This swaddle sleep sack from Love to Dream holds baby’s arms up, which some babies prefer.  A big downside is it doesn’t grow with baby well – you’ll need at least 2 different sizes for the first 3 months.


Love To Dream

Transitioning from swaddle to sleep sack

If you decide on a swaddle blanket or hybrid swaddle sleep sack for your newborn, at some point you will need to transition to a sleep sack.  This point comes when your newborn starts to roll over from their back to their tummy.  It’s then no longer safe to swaddle, as mentioned earlier.

How to transition from swaddle blanket to sleep sack

It’s likely that your baby will still enjoy and be very used to the close confines of the swaddle, so it’s best to stop swaddling gradually.  Start by swaddling with just 1 arm out for a day or 2, before removing the second.  You can safely swaddle a newborn with arms out while transitioning out of the swaddle.

This way, your baby will still feel the tight hold of the swaddle, but with arms free will be able to roll back or at least lift her head, should she roll onto her front.

After a few days with both arms out, you can start baby in a sleep sack.  Hopefully with no loss of sleep!

Can you go straight from swaddle to sleep sack?

Sleep sack vs swaddle: still wondering if a swaddle or sleep sack is better for a newborn?

Surely not!  

Now that you have learned about the differences between sleep sacks, swaddles and hybrid swaddle sleep sacks and pros and cons of each, there should be no doubt in your mind that swaddling is the way to go. 

Swaddle wins over sleep sack for a newborn!

The choice of swaddle blanket or swaddle sleep sack is more personal preference.  Either are effective, both for a newborn’s comfort and the sleep-related benefits.

Get baby swaddled and sleeping, so you can rest.

FAQS on the sleep sack vs swaddle blanket conundrum

Should I swaddle my newborn all day?

Absolutely not. A newborn needs to get used to the newfound freedom of the outside world.  This facilitates the development of muscle tone, balance and coordination.

For this reason, you also want to limit the use of car seats.

Get baby wrapped up and swaddled when due a sleep or to calm and soothe if gassy, irritable or overtired.

When to stop swaddling a newborn

You must transition from swaddle to sleep sack as soon as your newborn starts rolling or attempting to roll. This normally happens around 4 months, but can happen as early as 8 weeks.

This is because there’s a risk of suffocation should a newborn roll onto their front in a swaddle. They will be unable to use their arms or hands, which will be enclosed in the swaddle. This means they could get stuck face down and risk suffocation.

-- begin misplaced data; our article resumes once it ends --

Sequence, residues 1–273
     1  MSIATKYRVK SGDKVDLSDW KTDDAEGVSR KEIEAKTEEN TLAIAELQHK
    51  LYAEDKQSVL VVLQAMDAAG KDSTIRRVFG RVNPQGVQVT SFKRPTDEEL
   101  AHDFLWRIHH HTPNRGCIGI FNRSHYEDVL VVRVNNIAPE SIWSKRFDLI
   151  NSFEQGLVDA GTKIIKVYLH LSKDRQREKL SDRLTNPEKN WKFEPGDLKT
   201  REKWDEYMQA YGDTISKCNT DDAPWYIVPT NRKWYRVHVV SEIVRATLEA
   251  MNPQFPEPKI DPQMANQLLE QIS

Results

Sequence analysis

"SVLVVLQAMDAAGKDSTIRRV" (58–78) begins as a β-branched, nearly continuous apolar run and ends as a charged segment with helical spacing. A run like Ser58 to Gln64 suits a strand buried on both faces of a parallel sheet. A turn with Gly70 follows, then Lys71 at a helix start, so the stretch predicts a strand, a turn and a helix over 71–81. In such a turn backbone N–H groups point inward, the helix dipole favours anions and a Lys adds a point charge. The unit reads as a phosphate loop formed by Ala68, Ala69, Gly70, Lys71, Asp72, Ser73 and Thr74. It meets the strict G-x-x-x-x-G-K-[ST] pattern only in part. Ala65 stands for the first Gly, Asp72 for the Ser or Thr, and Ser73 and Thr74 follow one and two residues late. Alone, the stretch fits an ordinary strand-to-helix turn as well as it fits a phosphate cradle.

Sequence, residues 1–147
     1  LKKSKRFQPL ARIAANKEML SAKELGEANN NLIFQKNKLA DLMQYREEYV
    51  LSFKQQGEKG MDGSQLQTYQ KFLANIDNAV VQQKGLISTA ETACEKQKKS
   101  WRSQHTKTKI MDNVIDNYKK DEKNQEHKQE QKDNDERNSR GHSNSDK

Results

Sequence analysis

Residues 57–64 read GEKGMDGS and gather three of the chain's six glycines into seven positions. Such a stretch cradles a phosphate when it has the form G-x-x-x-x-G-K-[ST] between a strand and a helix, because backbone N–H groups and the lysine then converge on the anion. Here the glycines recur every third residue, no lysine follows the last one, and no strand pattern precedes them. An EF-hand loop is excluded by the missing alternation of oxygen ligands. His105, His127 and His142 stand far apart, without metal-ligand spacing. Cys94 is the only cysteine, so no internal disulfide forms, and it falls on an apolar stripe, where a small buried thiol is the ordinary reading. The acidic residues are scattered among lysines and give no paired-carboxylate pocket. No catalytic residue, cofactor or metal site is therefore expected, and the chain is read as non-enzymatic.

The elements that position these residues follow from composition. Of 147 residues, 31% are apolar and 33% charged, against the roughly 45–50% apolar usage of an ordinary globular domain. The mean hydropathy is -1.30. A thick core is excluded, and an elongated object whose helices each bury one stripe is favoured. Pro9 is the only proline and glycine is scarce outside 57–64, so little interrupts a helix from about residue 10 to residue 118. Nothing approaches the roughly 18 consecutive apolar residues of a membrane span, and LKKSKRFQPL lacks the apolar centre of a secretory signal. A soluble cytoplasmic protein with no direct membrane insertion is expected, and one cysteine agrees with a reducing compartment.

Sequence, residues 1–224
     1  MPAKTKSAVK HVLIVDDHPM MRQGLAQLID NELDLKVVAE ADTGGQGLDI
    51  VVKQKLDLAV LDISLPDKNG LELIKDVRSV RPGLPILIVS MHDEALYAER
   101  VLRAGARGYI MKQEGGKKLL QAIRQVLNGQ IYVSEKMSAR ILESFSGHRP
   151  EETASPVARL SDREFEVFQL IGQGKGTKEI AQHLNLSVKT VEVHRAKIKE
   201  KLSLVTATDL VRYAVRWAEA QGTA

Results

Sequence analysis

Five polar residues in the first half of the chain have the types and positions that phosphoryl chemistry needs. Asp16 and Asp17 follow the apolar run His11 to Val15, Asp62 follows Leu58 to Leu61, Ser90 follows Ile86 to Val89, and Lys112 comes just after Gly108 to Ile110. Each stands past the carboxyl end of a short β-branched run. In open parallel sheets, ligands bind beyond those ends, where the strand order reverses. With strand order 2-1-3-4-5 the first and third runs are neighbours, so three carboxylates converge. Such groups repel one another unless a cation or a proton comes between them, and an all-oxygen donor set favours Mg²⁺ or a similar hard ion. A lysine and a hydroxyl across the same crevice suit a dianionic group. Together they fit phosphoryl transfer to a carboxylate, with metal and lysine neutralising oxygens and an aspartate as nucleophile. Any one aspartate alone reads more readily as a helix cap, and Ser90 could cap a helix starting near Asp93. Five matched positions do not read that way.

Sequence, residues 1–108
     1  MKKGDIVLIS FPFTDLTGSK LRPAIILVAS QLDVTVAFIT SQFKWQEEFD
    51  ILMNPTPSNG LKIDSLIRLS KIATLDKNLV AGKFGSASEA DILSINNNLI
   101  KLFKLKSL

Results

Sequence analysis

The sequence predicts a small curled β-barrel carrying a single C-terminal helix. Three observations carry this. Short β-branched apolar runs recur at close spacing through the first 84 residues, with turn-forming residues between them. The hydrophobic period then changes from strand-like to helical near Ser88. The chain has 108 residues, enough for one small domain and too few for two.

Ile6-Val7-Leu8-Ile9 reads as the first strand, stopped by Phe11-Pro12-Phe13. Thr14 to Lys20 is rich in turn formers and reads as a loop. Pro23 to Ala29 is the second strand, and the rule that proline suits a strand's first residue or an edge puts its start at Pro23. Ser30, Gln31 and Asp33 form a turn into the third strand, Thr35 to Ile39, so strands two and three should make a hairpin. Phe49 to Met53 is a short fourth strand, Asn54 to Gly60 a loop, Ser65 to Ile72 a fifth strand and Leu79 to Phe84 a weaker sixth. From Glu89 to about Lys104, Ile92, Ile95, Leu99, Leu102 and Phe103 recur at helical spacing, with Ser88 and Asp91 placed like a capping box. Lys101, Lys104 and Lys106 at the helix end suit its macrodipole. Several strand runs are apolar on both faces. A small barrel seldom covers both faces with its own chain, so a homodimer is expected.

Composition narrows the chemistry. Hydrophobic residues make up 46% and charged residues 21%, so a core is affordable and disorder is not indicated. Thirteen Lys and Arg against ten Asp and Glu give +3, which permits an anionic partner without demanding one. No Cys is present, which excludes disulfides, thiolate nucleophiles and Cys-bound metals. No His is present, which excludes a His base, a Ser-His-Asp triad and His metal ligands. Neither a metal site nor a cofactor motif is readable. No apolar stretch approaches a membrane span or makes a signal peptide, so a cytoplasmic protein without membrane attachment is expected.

Can you swaddle a baby too tightly?

Yes, you can swaddle a baby too tightly. Use the two-finger rule to ensure the swaddle is tight but not too fight. You should be able to fit two fingers comfortably between baby’s chest and the swaddle.

Are sleep sacks safe for babies who can roll over?

Standard sleep sacks that act like wearable blankets, where baby’s arms are out and free to move, are safe for babies who can roll over.  Should your baby roll over in a sleep sack, they will be able to push up on their hands and arms and adjust their head position.  There will be no increased risk of suffocation.

In contrast, a swaddle is dangerous once baby starts to roll as they may become with their stuck face down into the mattress.

Is it OK to swaddle a newborn with arms out?

It’s perfectly safe and ok to swaddle a newborn with their arms out. It won’t be as effective as swaddling the arms too as the Moro reflex may still disturb your baby.  However, once your baby has started attempting to roll over, it’s no longer safe to fully swaddle. Swaddling with the arms out is safe and therefore a good way to transition from swaddle to sleep sack.

Can baby overheat in sleep sack?

Yes, a baby can overheat in a sleep sack. Always dress baby according to the temperature.  At 16-20 degrees Celcius or 61-68 degrees Fahrenheit, your newborn will probably be comfortable in a bodysuit/onesie and pyjamas/sleepsuit/one-piece under a 2.5 tog sleep sack.

At higher temperatures, they will need a thinner sleep sack or fewer layers underneath. If it’s cooler, use a thicker sleep sack.

To check your baby is a comfortable temperature, feel the tummy and/or back of the neck which should feel hot to touch. The hands and feet will naturally feel cooler.

Sweatiness, clamminess, flushed cheeks, rapid breathing and heat rash are signs that baby is overheating. Adjust their clothing accordingly.

Are sleep sacks better than blankets?

Sleep sacks are much better than blankets for newborns and babies under a year old.  Loose blankets can move around, or baby can move around and under them which poses a risk of suffocation.  Safe sleep practice includes not having any loose items in baby’s sleep space.

A sleep sack the correct size, however, cannot move over a baby’s face.  There’s no safety risk associated with using a sleep sack.

Does a sleep sack make it harder for baby to roll?

Your baby will be able to roll in a sleep sack, although it may be a little harder.  Sleep sacks are fairly effective at preventing baby from climbing out the crib though!  This can be very useful when baby becomes more mobile.  

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swaddle or sleep sack - what's better for a newborn FEATURE IMAGE

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A little about me

Mom of 4 kids, baby sleep expert plus home organisation and kids activities and crafts

Hi, I'm Sarah

Mom of four outrageously gorgeous Littles.  Yup, four!  The twins are now two and that title still brings me out in a cold sweat… Yet I’m just as determined to give them the best without losing my mind.  I reckon it’s possible!  Most days.  

I love a challenge and have to find out they ‘why’, ‘what’ or ‘how to’  –  there are rather a lot of these when it comes to kids… 

I also love, love, love things to be neat and tidy and just so.   The Littles normally have other ideas!